Urinary Tract Infection (UTI) In Children


Sunday, June 11th, 2017

What is UTI?

UTI stands for Urinary Tract Infection and most of us are not aware that it can happen to kids. They happen when bacteria get into the kidney or bladder. Urinary infections in children usually go away quickly if they get medical assistance right away. But if your child keeps getting infections, your doctor may suggest tests, to rule out more serious problems. Urinary infections can lead to a serious infection throughout the body called sepsis. Problems from a urinary infection are more likely to happen in babies born too soon, in newborns, and in infants who have something blocking the flow of urine.

Symptoms:

Most UTIs happen in the lower part of the urinary tract — the urethra and bladder pain, burning, or a stinging sensation when peeing:

  • An increased urge or more frequent need to pee (though only a very small amount of pee may be passed)
  • Fever
  • Waking up at night a lot to go to the bathroom
  • Belly pain in the area of the bladder (generally below the belly button)
  • Foul-smelling pee that may look cloudy or contain blood

It is the kind of infection that travels up the ureters to the kidneys and is called pyelonephritis and it is usually more serious. It causes many of these same symptoms, but the child often looks sicker and is more likely to have a fever (sometimes with shaking chills), pain in the side or back, severe tiredness, or vomiting.

How are the infections diagnosed?

The doctor will give your child a physical exam and ask about his or her symptoms. Your child also will have lab tests, such as a urinalysis and a urine culture, to check for germs in the urine. It takes 1 to 2 days to get the results of a urine culture; so many doctors will prescribe medicine to fight the infection without waiting for the results. This is because a child's symptoms and the urinalysis may be enough to show an infection.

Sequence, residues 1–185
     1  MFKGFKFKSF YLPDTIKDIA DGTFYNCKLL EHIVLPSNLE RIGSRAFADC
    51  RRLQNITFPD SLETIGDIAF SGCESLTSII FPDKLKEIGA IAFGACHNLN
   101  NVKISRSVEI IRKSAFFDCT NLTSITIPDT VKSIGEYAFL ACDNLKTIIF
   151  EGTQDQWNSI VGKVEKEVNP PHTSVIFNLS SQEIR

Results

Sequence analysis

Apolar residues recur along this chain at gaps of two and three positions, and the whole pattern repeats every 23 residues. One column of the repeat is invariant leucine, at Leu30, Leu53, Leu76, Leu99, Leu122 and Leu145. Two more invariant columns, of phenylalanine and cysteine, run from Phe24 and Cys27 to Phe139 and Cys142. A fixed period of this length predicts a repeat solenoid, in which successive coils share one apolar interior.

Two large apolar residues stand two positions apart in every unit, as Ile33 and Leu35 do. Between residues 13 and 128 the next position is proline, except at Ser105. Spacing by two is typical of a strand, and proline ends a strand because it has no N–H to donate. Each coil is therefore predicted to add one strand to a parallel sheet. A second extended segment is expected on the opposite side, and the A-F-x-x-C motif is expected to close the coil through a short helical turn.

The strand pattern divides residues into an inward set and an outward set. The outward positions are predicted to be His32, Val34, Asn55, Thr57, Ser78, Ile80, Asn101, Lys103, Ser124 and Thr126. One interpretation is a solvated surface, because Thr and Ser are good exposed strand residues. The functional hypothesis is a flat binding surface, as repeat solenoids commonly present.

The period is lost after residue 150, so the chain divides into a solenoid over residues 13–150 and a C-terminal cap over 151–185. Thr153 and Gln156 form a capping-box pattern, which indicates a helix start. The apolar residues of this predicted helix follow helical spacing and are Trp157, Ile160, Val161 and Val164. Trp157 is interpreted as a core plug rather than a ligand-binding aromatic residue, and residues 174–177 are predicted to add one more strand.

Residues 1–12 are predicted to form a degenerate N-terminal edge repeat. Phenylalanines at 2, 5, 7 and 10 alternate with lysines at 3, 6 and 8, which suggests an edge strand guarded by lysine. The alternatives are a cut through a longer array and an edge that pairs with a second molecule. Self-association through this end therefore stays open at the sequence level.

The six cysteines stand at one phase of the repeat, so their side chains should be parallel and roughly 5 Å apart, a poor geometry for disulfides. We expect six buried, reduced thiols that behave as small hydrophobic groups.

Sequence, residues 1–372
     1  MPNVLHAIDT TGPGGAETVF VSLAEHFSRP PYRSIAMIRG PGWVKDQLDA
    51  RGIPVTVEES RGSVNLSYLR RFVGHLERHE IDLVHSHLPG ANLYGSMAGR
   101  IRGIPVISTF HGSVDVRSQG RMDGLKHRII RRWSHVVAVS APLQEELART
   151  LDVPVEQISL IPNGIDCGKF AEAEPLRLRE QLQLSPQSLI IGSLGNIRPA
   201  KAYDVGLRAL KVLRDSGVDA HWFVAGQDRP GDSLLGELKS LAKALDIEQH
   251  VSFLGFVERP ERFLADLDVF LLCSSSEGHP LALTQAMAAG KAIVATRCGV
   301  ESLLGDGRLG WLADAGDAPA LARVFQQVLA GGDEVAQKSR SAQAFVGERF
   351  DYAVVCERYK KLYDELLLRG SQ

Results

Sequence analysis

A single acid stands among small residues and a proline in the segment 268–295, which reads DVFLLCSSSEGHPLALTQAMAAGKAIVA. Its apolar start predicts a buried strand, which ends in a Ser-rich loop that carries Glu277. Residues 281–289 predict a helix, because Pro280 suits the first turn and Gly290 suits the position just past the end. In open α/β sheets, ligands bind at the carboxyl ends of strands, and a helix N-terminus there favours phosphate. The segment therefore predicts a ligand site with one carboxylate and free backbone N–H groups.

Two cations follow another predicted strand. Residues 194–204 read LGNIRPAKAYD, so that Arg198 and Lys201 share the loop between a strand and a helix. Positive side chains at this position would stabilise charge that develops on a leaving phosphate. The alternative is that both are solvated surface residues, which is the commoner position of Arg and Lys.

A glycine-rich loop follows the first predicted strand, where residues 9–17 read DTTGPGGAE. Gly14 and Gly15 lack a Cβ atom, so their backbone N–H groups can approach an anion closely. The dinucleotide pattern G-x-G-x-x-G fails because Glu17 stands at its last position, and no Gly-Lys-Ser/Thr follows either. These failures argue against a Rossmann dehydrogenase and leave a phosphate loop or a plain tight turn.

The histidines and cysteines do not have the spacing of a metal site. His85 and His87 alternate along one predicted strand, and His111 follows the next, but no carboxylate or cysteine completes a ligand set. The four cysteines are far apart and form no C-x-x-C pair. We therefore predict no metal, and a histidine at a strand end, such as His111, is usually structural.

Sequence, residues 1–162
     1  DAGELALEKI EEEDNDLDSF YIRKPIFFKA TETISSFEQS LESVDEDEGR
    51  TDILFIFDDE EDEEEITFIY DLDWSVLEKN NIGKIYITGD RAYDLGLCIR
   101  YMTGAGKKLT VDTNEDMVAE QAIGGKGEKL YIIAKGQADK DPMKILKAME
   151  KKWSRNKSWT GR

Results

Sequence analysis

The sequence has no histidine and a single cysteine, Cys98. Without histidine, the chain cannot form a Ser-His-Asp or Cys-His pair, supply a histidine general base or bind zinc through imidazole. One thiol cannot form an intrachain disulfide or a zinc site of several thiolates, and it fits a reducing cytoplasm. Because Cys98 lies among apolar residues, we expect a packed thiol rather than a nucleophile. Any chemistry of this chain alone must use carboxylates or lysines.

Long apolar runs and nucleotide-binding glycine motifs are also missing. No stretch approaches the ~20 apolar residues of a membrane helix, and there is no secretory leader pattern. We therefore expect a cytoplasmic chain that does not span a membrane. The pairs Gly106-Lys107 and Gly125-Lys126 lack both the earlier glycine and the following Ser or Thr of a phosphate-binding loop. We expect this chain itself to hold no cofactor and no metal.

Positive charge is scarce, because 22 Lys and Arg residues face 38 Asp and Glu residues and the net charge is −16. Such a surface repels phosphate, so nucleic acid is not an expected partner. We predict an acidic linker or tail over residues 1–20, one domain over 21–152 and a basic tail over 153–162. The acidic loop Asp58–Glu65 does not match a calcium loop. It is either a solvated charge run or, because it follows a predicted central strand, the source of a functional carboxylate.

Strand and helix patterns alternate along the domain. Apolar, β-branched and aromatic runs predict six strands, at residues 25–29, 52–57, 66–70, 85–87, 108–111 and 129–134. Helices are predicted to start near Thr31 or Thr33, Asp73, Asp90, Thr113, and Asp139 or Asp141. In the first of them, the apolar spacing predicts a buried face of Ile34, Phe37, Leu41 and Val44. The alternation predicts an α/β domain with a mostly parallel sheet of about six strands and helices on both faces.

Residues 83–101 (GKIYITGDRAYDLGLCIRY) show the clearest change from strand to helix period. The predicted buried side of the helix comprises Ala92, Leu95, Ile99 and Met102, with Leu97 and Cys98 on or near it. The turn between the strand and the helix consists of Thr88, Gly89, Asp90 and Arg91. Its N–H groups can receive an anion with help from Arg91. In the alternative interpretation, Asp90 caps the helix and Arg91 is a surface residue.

After your child gets better, the doctor may have him or her tested to find out if there is a problem with the urinary tract. For example, urine might flow backward from the bladder into the kidneys. Problems like this can make a child more likely to get an infection in the bladder or kidneys.


Few things to minimize your child’s risk of Infection:

  • Be sure your child gets plenty of fluids. Drinking more also makes your child urinate more frequently, flushing out the urinary tract. (Every three hours or so during the day is a good goal.)
  • Remind your child to empty her bladder completely each time she goes rather than hopping off the toilet before she's done.
  • Offer your child plenty of fruits, vegetables, and whole grains, which also help prevent constipation.
  • If your child is a girl, avoid harsh soaps and bubble baths, which can irritate her genitals. And wipe from front to back – and teach her to do this – to minimize the bacteria in the area.
  • Wear cotton underpants and avoid very tight-fitting jeans and other pants.
  • Avoid bubble baths, perfumed soaps, and other substances that can irritate the genitals and urethra.
  • After swimming, change into dry clothes instead of sitting around in a wetsuit.
  • Avoid foods and beverages that can cause bladder irritation. Common offenders include colas and other caffeinated drinks, chocolate, and some spices.